The next step was to come up with a new writing Rx that was appropriate for me. I came up with a plan to write for several hours a few weekends a month. These days got blocked out on my calendar and I made a promise to myself to set some strict boundaries to protect this time. This meant saying “no” to some – but not all – invitations and events. Remember: no one is going to come up to you with a silver tea tray and serve up hours for you to write in. You need to take the time, steal it if you have to, and make it your own. This can be done, provided you make peace with the reality that things have changed and let go of the pressure that comes from trying to follow an Rx not suited to your needs. You may not be able to control the curveballs coming your way, but you CAN control yourself and how you approach the challenges they present. Look for niches of time that work best for your writing process needs and your unique temperament. And don’t laugh off something so small as 15 minutes just because it doesn’t “look like” what you think qualifies as real writing time. I’m proof a book can come out of miniscule increments of time.
Perhaps the most important thing to remember in negotiating letting the pressure off is that you promise not to beat yourself up if you CAN’T do it. That means that if you’ve blocked off a certain time to write, but the baby cries and you need to tend her, DO IT. If your nephew’s wedding is on that weekend and attending it means you won’t write until three weeks from now, go to the wedding. If you're thoroughly wiped out from dealing with the curves and desperately need a nap, take one. Guess what? Your book will survive and will be waiting when you get back. Life happens. The key here is to be realistic and protect the time against less important commitments and distractions.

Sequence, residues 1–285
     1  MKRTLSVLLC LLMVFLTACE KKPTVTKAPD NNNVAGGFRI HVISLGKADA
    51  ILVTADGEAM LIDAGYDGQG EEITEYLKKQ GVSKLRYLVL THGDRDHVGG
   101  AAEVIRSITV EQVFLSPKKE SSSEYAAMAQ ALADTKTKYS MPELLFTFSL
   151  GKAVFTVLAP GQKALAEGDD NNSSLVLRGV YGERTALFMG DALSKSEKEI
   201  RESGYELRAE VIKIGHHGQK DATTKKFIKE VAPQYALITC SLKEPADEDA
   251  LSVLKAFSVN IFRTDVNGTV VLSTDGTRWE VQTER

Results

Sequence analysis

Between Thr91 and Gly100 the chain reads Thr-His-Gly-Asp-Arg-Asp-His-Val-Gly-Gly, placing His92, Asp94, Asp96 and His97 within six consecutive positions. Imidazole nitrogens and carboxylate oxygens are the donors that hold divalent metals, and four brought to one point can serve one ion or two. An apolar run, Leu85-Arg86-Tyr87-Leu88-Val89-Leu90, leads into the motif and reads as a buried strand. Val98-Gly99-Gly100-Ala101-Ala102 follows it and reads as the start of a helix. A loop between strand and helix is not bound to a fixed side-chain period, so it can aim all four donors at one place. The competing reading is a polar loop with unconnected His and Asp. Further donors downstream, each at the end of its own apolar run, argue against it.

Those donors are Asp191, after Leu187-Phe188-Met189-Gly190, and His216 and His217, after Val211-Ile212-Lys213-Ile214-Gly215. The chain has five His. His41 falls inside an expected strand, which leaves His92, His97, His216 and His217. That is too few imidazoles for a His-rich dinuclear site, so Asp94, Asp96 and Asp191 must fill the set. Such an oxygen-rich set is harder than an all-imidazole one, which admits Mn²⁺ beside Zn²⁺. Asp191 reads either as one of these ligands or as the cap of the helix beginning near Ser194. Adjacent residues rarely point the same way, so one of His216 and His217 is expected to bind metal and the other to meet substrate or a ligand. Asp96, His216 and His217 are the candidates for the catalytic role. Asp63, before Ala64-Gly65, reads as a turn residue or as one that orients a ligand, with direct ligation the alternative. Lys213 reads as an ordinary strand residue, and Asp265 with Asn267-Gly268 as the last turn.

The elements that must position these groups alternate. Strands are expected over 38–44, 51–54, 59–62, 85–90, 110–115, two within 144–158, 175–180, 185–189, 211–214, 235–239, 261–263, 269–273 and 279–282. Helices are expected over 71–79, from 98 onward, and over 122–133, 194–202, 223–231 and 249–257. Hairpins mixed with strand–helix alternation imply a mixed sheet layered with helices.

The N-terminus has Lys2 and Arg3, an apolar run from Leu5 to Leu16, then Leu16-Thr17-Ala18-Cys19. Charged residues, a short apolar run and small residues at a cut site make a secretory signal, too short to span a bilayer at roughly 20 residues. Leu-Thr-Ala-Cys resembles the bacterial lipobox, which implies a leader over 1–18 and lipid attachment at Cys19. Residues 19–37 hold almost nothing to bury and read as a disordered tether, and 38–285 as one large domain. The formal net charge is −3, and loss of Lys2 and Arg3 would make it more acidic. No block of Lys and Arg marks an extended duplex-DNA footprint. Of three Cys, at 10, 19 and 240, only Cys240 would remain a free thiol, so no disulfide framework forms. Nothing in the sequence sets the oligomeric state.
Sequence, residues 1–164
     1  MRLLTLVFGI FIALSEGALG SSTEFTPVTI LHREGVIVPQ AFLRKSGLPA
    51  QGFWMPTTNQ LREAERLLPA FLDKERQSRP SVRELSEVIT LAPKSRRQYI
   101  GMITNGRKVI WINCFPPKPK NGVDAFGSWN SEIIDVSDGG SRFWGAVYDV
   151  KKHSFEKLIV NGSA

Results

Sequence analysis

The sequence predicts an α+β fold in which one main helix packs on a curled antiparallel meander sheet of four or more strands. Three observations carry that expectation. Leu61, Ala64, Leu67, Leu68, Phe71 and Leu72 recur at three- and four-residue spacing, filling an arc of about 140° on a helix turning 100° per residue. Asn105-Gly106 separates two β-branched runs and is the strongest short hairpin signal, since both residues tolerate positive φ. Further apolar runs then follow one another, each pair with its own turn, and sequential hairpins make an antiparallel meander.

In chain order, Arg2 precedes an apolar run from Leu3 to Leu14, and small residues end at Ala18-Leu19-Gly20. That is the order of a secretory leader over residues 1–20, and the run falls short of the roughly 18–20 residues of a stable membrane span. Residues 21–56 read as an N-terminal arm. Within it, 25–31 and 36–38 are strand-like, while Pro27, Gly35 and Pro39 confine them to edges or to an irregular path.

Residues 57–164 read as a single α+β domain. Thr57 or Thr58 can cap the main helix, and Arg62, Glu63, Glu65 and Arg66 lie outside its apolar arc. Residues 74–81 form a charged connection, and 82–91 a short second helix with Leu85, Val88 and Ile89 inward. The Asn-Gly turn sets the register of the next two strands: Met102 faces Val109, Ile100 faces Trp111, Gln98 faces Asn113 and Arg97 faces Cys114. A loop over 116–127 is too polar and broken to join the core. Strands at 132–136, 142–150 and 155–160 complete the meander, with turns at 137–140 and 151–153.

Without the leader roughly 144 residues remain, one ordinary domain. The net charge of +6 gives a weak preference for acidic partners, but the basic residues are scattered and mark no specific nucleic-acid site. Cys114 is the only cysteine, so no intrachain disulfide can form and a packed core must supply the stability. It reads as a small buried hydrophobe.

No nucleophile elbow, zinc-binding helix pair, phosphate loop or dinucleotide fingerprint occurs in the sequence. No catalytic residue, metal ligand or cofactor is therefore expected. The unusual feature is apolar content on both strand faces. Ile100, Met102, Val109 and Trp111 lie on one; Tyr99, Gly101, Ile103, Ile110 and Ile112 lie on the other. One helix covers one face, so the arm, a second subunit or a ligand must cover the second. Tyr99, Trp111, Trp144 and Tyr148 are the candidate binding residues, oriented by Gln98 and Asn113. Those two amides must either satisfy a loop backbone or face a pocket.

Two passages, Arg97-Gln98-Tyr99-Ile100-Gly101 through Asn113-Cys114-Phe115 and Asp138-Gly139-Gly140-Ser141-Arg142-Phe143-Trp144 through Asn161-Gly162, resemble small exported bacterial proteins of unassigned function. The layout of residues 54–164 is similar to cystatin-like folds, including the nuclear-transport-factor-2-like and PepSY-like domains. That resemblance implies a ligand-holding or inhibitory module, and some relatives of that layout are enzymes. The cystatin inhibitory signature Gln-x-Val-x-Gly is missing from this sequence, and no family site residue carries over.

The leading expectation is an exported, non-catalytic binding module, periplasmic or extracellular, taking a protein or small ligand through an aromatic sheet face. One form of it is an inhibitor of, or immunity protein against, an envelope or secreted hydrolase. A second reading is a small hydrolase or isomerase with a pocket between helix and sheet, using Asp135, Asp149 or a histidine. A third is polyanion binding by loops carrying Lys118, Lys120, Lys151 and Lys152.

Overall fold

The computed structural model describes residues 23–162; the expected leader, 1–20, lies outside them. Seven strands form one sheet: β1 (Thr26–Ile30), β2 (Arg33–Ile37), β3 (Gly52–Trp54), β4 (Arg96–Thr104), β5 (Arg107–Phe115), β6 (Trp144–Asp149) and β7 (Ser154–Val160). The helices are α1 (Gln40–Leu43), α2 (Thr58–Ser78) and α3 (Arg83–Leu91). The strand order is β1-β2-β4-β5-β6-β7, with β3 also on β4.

If your life or your body are in complete turmoil, chances are you have enough pressures and worries weighing on you – don’t let your writing project be one of them. Keep working, but get pragmatic: let the pressure off, come up with a plan of action for dealing with the curves, and move forward with a changed approach to the game. Eventually things will return to whatever your normal is, or there will be a new normal. Either way, following outdated or useless prescriptions inappropriate for your condition doesn’t help you. Focus on what will and move forward.
What are some of the ways you have found to let the pressure off so you could continue working on your creative project even amidst major life changes? I’d love to hear what has or has not worked for you and how you’ve been able to let go of the pressure so that you can stay in the writing game. Perhaps someone else who is struggling can benefit from your strategy!
This is part one of a six-part series. You can find the series introduction here, and you can find successive entries here:
Tip #2: Find a Place Apart
Tip #3: Stay Connected